Take stock of silage challenges and overcome them to improve quality, increase profitability
Planning for greater farm profits in 2016? Then, increasing silage quality should at the top of the to-do list. The end of the year is a good time to evaluate silage challenges and make a plan to address them, recommends Bob Charley, Ph.D., Forage Products Manager, Lallemand Animal Nutrition.
"Even on well-run farms, every producer is likely to experience some silage quality issues," Dr. Charley says. "These issues are only failures if we don't learn from them. In fact, problems can give producers important direction on what went wrong. Then, we can fix the problem next time we're planting, harvesting, ensiling or feeding out."
To get the best silage from the crop planted, there are a number of management factors that are important including stage of maturity at harvest, moisture level, chop length, speed of filling the silo, packing density and covering and properly sealing the silo.
"To end up with top quality silages you need to start with top quality forage crops at harvest and then use good silage management skills," Dr. Charley notes. "The quality of the forage at harvest is the primary factor in determining silage quality. After that, we are trying to preserve as much of that quality as possible by getting as many management factors as close to ideal as possible."
During the filling of the silo, oxygen is the main enemy as it will slow down the ensiling fermentation and allow aerobic organisms to grow.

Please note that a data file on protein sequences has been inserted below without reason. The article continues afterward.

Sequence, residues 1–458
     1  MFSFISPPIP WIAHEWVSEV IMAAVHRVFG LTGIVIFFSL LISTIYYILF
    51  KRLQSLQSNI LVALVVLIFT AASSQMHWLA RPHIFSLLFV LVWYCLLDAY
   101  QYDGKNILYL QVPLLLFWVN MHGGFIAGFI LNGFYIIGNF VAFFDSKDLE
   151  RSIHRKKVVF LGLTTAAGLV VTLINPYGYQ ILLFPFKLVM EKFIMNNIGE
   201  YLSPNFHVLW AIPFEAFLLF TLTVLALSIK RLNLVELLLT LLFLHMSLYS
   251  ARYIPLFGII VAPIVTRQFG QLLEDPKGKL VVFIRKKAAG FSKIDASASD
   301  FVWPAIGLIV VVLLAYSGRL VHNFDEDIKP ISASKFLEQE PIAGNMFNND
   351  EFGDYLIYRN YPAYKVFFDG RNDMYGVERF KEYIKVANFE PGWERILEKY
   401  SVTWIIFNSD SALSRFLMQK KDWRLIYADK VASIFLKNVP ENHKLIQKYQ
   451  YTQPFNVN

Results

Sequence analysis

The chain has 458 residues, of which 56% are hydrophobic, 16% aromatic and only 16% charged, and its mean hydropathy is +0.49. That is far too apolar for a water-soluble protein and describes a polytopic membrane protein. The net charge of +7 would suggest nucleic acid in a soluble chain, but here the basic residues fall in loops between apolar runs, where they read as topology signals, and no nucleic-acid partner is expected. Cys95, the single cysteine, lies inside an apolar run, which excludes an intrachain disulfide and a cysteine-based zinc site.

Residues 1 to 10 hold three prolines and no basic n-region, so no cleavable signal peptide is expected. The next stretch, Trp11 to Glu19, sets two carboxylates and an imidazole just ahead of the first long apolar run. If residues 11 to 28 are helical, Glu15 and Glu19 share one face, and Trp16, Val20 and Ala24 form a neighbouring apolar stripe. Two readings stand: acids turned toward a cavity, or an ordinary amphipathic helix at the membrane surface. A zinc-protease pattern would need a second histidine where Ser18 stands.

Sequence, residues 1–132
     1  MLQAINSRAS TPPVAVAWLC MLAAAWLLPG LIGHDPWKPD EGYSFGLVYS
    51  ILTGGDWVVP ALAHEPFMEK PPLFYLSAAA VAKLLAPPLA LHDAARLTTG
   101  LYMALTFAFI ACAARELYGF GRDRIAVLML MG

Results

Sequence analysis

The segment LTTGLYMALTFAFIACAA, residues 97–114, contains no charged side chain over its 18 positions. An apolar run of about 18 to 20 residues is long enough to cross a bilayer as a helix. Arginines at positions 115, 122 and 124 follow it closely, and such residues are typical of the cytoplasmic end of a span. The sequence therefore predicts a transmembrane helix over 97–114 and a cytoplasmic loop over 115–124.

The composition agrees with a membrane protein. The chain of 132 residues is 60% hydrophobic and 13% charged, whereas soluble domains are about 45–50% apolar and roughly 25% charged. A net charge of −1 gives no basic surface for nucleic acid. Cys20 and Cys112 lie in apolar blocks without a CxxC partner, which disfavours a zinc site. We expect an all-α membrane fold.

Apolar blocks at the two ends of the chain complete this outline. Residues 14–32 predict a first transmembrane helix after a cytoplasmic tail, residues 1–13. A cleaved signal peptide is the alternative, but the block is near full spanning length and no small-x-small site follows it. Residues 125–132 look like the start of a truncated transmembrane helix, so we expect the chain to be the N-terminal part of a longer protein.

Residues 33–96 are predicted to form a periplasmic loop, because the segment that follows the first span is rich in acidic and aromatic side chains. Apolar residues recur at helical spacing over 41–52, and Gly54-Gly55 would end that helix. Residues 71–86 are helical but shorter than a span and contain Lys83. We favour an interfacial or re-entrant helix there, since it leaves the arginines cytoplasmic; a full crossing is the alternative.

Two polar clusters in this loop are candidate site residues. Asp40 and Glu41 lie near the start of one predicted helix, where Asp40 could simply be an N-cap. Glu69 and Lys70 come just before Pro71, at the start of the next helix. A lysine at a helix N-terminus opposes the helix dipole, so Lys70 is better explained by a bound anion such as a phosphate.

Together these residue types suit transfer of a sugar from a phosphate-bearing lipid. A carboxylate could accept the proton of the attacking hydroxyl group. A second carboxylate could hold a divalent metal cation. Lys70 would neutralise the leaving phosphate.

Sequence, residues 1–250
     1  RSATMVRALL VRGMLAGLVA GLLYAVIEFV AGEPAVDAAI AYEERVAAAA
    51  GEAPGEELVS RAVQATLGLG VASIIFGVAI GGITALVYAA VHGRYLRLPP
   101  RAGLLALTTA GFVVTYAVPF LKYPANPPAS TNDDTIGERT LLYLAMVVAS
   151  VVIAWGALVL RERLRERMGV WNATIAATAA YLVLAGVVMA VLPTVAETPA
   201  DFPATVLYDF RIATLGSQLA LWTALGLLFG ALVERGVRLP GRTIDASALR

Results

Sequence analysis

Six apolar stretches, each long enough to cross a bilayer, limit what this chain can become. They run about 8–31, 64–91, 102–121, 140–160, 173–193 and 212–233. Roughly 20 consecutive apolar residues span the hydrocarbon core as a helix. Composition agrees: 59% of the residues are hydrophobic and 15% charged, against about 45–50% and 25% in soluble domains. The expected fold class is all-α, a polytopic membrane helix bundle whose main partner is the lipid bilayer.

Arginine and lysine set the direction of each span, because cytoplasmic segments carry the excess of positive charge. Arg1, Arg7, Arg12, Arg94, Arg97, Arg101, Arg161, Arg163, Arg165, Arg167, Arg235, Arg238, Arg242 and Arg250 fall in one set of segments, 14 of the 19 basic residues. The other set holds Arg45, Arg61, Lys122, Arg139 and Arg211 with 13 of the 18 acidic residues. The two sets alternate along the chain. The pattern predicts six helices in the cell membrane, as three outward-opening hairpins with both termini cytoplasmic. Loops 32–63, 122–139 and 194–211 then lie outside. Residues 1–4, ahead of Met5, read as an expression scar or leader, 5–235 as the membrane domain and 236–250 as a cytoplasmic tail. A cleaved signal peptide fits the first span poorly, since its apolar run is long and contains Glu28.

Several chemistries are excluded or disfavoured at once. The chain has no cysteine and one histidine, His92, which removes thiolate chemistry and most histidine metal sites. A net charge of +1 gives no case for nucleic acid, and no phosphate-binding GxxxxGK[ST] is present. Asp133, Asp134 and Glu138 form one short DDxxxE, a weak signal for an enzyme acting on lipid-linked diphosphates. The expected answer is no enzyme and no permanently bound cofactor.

"At best, this means that dry matter and nutrients are lost. They simply get burned up by these aerobic organisms," says Dr. Charley. "But it can be much worse, this may allow other spoilage organisms to grow, producing toxins that can really affect production levels and even herd health and fertility. So it is really important to fill the silo quickly, pack well and then cover and seal the crop to allow the ensiling fermentation to progress."
To help ensure a rapid and efficient ensiling fermentation and minimize fermentation losses, the key is to use a research-proven inoculant proven to dominate the fermentation and produce a quick pH drop. Promoting a fast pH drop can also help stabilize forage and reduce yeast growth, which is a major cause of silage heating. For instance, the lactic acid bacteria Pediococcus pentosaceus 12455 provides an efficient, fast fermentation, fueled by sugars generated by high activity enzymes.
"To minimize spoilage at feedout, when oxygen again infiltrates the silage mass, it is important to stop yeasts from growing as these are the microbes that kick off spoilage in silage," Dr. Charley says. "The high dose rate Lactobacillus buchneri 40788 is reviewed by the FDA and allowed to claim efficacy in preventing the growth of yeasts and molds in silages and HMC."
After reviewing harvesting and filling procedures, be sure to examine feedout protocols. Silage is again exposed to oxygen during feedout, making it vulnerable to aerobic instability. Use good face management, keeping a clean, tight exposed surface. Do not allow silage to sit in piles and feed out at the rate required to prevent heating.
Dr. Charley advises producers to check that the ration is balanced properly around the silage. This helps achieve the maximum production possible and avoid issues that can arise from feeding too much, or too little, fermentable carbohydrate, e.g. Sub Acute Ruminal Acidosis (SARA).
"Once producers have identified the silage challenges based on prior experience, it's time to make a plan to address them," Dr. Charley says. "Be sure to get all the silage team together to review and improve the on-farm processes and practices. The entire team - from silage production through feedout - needs to be involved to make real and lasting changes."